With apologies to Mzaggie, above. Expounding on her posting. A few years ago I got a recipe from a magazine or off a cable cooking show for meatloaf using stuffing mix. I just do it by guess now. A six ounce bag of stuffing. 2 eggs, a chopped onion, sometimes celery chopped quite fine, 2 lb lean ground beef, spices, a cup of broth or water. Sometimes stuff it (or rather enclosed layer) cheese and/or chopped spinach. Catsup or bbq sauce on top. 375 for an hour or so. Thermometer @160 is done. I probably can't find the original recipe.
Tastes very good.
Second use as croutons,and breading component. We do a buffet dish that everyone seems to enjoy- use 1/2 potatoes (russet cuz they break down more)- just chop in rough chunks about the size of dice (the gambling kind)and simmer or nuke in some chicken stock. When tender, drain most of water(they will absorb some more), and make the Stovetop per directions. Add fresh flat leaf parsley stirred in before serving. For a full meal stir in cooked sausage chunks and some egg and bake briefly to set or nuke to set egg. A very mustardy sharp vinegary dressing on some mixed, including bitter, greens is a good side.
old post, but anyhoo...
treat it like polenta. make it with a little extra liquid and/or egg white/whole egg, then bake, cool and cut out with glass or cookie cutter... dip in little egg beaten w/ milk and coat in panko crumbs. fry in butter. serve with gravy and a poached egg or turkey/chicken.
this may not be *different* enough, but it makes a great layer on a turkey sandwich... layer bread, butter, mashed potato, turkey, gravy soaked bread slice, stuffing, turkey, cranberry sauce, buttered bread.
quasi bread stuffing pudding... egg, milk chicken, stuffing mix, tomato, mushrooms, ricotta cheese, onions, parmesan or other cheese, etc.
crush more in food processor and bind crab or salmon cakes, and/or use as coating for formed patties, once in crumbs. or use the crumbs for a zucchini blossom stuffing or stuffed mushroom caps.
armadillo eggs http://www.bigoven.com/163373-Armadil...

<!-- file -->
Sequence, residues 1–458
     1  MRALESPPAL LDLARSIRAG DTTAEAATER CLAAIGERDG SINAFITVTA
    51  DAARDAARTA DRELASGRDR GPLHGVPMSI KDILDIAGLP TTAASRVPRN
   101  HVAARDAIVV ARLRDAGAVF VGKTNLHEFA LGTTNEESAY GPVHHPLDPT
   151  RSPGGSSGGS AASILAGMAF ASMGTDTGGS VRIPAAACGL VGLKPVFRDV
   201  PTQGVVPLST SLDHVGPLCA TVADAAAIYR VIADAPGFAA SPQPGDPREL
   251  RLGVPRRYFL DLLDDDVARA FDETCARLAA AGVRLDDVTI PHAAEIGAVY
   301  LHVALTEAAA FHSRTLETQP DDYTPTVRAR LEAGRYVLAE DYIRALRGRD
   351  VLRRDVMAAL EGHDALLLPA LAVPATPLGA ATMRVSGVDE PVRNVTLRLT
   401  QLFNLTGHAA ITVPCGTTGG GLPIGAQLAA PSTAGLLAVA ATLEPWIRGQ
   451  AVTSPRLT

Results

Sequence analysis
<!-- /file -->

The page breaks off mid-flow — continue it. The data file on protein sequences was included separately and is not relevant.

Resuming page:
broccoli casserole http://www.bigoven.com/158496-Broccol...
I know you are sick of stuffing… BUT…my mom was a master at making various, incredible stuffings out of StoveTop. I’m not sure why, as she was a really good cook. Btu we were Cajun and she grew up with a boxed is better mentality when it came to certain things. It certainly is easier.
Anyway… our family’s Cajun seafood stuffing is incredible. It is not an exact science, but I am giving you a good estimation of what we do. You could do various versions even of this one, but what we tend to use is Shrimp and crabmeat,
Prepare 2 boxes of Stove Top (cornbread or chicken flavor) making it with chicken broth, not water.
In the meantime, saute in a large pot a lot of chopped onion (one or two), green onion (one bunch), celery (67 or 8 ribs), minced garlic and green and red pepper in one stick of butter. The amount of vegetables you use really depends on how ‘veggie’ you want your stuffing. I sauté a chopped jalepeno with it to give it a nice little kick. A jar or two of pimentos is good to add to the sauté as well.
Combine the vegetables with the prepared stuffing in a large bowl.
Add and mix in the bowl:
one can cream of chicken soup
one can cream of mushroom soup
1 lb lump crabmeat (raw)
one lb chopped cooked shrimp
(If you want a really dense seafood experience, you can easily double the seafood amounts)
Pour into casserole dishes, dot with butter and bake on 350 about 30-40 minutes.
Really, really good stuff, um, stuffing.